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Alaskan Smoked Porter – Nothing fishy here

Alaskan Smoked PorterAlaskan Brewing co-founder Geoff Larson tells a good story. One you want to listen sitting next to a roaring fire on a Juneau beach.

Like the one about what he learned not long after Alaskan brewed its Smoked Porter for the first time in 1988; a beer that recently won its twentieth medal at the Great American Beer Festival.

Larson smoked the malt he used in Smoked Porter at Taku Smokeries, at the time located across the road from the brewery (Taku since moved to a bigger plant and Alaskan bought the old facility, using it smoke malt for the once-a-year release). He had a few reservations going in, most notably about fish oils somehow ending up in the beer, changing the aroma and killing the head. Those concerns disappeared when he tasted the beers and it sold out in a matter of weeks, then . . .

A customer told Larson the beer tasted of salmon. “I took it inappropriately and defensively,” he said, measuring his words and making it clear how bothered he was. It was months later before he had a conversation with the late Greg Noonan of Vermont Pub & Brewery about Noonan’s version of smoked porter that he learned something important about aroma and memory.

“Greg talked about first using hickory and customers would ask if he put hickory smoked ham in the beer,” Larson said. “Then he used maple and they asked, ‘Hey, did you start throwing sausage in your beer?'”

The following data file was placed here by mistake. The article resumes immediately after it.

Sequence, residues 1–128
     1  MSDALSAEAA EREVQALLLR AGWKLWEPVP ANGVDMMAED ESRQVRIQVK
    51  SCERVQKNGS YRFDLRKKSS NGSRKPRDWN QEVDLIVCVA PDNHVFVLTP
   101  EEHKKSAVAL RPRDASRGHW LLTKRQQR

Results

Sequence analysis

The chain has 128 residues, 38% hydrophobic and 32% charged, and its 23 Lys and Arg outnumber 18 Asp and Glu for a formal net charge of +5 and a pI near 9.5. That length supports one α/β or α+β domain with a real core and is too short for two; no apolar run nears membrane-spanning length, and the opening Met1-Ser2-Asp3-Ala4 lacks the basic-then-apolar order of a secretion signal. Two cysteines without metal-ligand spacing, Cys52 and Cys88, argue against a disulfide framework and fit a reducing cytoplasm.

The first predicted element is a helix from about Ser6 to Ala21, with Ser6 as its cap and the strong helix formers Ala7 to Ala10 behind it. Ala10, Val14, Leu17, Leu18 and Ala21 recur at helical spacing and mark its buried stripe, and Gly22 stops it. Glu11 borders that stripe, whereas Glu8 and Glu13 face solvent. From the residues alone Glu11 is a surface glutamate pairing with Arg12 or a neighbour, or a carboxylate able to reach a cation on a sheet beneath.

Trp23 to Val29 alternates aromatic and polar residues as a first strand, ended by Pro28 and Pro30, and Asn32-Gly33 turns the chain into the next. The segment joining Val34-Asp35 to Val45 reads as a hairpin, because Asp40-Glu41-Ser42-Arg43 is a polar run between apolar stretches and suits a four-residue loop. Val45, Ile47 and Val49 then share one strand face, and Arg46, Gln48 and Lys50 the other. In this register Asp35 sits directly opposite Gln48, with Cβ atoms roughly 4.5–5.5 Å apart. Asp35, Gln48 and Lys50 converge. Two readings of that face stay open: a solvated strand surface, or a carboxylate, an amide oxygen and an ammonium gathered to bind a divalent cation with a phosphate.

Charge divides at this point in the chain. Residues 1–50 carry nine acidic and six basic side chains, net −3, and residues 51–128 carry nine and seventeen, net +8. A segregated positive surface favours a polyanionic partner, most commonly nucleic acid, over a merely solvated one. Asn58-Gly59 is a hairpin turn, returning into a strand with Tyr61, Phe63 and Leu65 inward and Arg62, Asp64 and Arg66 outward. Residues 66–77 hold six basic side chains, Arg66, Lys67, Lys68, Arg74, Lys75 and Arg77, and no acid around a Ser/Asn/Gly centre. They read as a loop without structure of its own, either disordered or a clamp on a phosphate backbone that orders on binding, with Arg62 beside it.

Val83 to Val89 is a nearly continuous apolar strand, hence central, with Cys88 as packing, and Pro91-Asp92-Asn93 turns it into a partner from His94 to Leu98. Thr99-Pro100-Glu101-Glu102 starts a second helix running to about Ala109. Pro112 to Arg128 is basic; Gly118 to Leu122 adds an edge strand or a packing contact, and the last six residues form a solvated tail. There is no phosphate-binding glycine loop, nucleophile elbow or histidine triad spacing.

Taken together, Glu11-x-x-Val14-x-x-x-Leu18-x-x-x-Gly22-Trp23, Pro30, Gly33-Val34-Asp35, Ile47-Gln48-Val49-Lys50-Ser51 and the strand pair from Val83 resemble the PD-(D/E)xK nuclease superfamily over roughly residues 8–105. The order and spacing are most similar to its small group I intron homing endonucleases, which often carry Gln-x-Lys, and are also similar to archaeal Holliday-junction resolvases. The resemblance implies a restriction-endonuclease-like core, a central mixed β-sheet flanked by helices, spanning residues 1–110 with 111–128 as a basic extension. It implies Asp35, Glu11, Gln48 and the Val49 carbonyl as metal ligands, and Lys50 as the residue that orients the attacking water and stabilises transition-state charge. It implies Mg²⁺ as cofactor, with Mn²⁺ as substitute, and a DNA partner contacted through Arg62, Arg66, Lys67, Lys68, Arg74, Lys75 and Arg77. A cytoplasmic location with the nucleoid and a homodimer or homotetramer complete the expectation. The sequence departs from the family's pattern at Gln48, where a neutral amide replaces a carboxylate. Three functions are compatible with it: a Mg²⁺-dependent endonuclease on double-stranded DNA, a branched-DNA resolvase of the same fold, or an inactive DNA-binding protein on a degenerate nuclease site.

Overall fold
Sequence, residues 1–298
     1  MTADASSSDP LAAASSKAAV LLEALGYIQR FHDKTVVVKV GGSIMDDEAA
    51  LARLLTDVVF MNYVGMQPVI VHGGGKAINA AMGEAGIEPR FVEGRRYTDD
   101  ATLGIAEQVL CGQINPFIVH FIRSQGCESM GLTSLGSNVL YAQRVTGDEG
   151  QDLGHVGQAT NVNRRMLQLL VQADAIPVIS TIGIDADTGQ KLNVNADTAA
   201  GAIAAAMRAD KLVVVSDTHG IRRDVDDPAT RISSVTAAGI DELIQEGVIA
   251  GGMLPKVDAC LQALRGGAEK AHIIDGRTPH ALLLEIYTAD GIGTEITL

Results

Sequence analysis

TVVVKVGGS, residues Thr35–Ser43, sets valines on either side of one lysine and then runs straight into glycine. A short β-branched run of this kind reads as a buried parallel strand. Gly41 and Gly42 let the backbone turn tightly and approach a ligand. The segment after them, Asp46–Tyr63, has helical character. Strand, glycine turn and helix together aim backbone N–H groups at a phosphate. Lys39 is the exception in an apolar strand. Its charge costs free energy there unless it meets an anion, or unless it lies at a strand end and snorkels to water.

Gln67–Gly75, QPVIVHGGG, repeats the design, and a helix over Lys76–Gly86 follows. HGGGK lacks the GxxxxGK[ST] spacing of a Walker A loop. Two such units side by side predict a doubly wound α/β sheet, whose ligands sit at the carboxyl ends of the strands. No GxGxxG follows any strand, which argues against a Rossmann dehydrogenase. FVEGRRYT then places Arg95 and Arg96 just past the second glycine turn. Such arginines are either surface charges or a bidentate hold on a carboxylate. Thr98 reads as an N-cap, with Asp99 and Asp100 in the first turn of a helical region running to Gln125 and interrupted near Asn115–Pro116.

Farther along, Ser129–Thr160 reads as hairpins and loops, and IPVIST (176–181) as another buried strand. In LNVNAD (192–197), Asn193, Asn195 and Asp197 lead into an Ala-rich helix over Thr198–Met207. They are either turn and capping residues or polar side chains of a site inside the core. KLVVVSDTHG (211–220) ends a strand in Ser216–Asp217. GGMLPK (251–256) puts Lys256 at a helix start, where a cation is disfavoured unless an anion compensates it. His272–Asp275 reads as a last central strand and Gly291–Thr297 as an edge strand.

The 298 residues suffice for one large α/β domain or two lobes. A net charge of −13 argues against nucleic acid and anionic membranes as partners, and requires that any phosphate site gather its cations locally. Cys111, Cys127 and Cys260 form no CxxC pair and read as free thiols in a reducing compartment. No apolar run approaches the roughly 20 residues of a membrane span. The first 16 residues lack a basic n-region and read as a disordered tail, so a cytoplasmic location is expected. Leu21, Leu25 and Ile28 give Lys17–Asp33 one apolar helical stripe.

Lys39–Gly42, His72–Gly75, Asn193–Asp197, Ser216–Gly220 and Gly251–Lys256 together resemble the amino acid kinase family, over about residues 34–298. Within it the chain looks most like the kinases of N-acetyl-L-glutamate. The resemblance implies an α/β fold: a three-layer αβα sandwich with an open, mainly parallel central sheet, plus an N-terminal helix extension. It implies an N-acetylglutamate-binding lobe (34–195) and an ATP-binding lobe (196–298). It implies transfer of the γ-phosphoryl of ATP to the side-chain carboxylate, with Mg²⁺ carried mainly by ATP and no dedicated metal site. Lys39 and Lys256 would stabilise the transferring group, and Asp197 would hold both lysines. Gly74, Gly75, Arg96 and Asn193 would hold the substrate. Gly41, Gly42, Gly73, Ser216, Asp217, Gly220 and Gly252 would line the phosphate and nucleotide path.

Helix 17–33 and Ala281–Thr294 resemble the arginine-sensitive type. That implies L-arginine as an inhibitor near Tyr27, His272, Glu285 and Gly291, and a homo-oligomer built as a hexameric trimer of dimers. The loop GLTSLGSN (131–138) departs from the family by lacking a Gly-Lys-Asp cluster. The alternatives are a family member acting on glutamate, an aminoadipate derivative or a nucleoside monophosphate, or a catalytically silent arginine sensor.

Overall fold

Larson began to understand the powerful memories smoke evokes. He realized it wasn’t salmon that drinker noticed but the alder wood both the malt and fish were smoked over. In Southeast Alaska smoke from alder wood conjures up memories of campfires and smoked salmon, while elsewhere maple smoke reminds consumers of Jimmy Dean Sausage.

(And in the upper Franconian region of Germany where beechwood is used to smoke pork as well as malt to brew the local rauchbier some drinkers describe the more intense of these beers as “liquid bacon.”)

“One smoked malt is not the same as another smoked malt. You can taste the difference between woods,” Larson said.

Last week Alaskan released the 23rd vintage of Smoked Porter. Alaskan doesn’t sell beer in Missouri, so we opened a 2009 bottle we bought a couple of years ago in Arizona.

Still smoky, from the start to the finish. But for us, the real pleasure? It smelled just like Alaska.

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3 Responses to Alaskan Smoked Porter – Nothing fishy here

  1. Bailey November 8, 2011 at 8:47 am #

    Surely someone’s working on a fish beer, though? A few bonito flakes in the kettle?

  2. olllllo November 8, 2011 at 10:51 am #

    At the NHC this year, Geoff Larson let us taste malt that was smoked with corncobs. The association was camping.

  3. Steve November 8, 2011 at 12:54 pm #

    “(And in the upper Franconian region of Germany where beechwood is used to smoke pork as well as malt to brew the local rauchbier some drinkers describe the more intense of these beers as ‘liquid bacon.’)”

    This always ruffles my feathers when I hear it because I could always discern the flavor differences. This article explains why so many equate anything smoked to meat, and that’s too bad because I think they tend to write off the beer at that point.

    I had an army pilot friend bring back my first samples of the Alaskan Smoked Porter a few years ago, thought it was terrific and never gave any thought to salmon — and I’m a lox fan!

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